Here’s What Happens When a Comedian Takes Over Your Twitter Account


In case you missed it, comedians are pretty good at using social networks–especially Twitter. It’s not just Rob Delaney.

Now, you may be excused for responding to the prospect of a funnyman/woman taking over a client’s account with a brief panic attack.

Yet comedy and social media are such natural partners that a pairing could be a huge win for your client.

Now for some backstory on this case study.

Raynforest is a digital “marketplace” that specializes in connecting sports brands with social media influencers in their space. We know what that’s all about: linking those with lots of followers on the various networks to businesses that would like to pay them for exposure.

The influencers get money and the brands get great promotions without having to rely directly on ad-style sponsored content.

Raynforest picked last night’s NCAA final as the ideal time to demonstrate its own equation at work because, as anyone with a Twitter account knows, there’s no bigger “water cooler moment” in sports at this time of year.

As temporary ambassador the network chose Rob Fee, a comedian and writer for The Ellen Show, primarily because he also happens to love things involving balls and nets. The idea was that Fee would run the account during the game to both bring more attention to the company and to provide a case study for potential clients.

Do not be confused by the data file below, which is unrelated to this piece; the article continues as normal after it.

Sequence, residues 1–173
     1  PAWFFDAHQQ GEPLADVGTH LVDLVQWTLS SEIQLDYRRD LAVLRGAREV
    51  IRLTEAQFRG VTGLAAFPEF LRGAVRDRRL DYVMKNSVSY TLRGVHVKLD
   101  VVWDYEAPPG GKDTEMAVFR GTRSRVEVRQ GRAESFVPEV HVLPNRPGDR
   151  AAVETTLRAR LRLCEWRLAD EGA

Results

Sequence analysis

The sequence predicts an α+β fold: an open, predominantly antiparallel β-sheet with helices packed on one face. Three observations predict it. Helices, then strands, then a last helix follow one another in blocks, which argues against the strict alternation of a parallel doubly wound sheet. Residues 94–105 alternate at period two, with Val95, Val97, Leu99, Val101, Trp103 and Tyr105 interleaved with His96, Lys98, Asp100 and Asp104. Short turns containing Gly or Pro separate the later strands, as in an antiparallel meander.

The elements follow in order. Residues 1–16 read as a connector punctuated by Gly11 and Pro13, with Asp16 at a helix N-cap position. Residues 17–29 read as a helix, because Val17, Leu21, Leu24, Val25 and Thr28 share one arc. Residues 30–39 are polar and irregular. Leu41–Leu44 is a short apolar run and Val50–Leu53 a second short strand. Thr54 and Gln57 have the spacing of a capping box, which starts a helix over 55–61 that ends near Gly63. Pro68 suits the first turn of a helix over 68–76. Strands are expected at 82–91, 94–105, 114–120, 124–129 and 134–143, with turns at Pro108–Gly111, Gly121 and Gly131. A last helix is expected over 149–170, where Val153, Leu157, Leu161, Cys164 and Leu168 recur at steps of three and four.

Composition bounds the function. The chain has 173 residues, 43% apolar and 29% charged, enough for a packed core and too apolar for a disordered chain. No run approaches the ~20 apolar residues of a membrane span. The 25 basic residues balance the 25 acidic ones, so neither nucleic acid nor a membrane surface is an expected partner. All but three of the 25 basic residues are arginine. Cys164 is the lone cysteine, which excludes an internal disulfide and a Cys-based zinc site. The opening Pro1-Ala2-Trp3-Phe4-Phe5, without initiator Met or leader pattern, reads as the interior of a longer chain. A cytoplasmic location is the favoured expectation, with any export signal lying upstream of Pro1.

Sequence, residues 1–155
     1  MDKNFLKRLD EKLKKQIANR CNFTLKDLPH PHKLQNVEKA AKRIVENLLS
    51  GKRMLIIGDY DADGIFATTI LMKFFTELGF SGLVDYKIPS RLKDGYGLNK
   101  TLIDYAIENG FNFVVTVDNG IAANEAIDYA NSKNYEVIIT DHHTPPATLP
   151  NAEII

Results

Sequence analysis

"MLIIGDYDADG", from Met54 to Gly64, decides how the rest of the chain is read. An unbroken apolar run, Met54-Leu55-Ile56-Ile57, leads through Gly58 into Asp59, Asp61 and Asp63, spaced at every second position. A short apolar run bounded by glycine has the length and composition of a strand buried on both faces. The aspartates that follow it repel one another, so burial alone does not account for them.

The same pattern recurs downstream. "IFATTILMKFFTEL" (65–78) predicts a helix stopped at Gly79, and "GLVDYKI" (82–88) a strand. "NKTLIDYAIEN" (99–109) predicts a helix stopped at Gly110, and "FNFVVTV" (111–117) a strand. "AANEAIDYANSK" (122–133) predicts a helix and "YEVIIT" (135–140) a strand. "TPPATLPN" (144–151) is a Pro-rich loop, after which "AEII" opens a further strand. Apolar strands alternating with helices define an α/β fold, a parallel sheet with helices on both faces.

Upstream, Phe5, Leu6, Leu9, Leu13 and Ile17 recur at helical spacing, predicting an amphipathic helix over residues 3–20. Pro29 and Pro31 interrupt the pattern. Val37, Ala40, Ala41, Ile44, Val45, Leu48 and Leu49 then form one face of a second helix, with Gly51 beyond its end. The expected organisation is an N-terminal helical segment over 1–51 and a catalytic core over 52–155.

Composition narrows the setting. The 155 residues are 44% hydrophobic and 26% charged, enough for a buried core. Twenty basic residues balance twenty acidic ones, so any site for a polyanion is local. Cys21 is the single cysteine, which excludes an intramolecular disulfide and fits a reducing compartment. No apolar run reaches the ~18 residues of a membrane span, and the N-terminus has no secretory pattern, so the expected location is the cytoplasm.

Here are the best tweets from last night. They’re all about sports, so don’t feel bad if you miss some of the references.





Fee didn’t necessarily hit every joke out of the park (mixed sports metaphor alert!), but then there’s always a bit of risk involved when one turns to comedy.

We have some numbers for the account over the two-hour period:

312 favorites
64 new followers

Not too shabby. Services like Raynforest obviously aren’t for everyone, but this little experiment serves as a nice demonstration of the power of social influencers in case you or your client needed convincing.

@PatrickCoffee Patrick Coffee is a senior editor for Adweek.
Publish date: April 8, 2014 © 2020 Adweek, LLC. - All Rights Reserved and NOT FOR REPRINT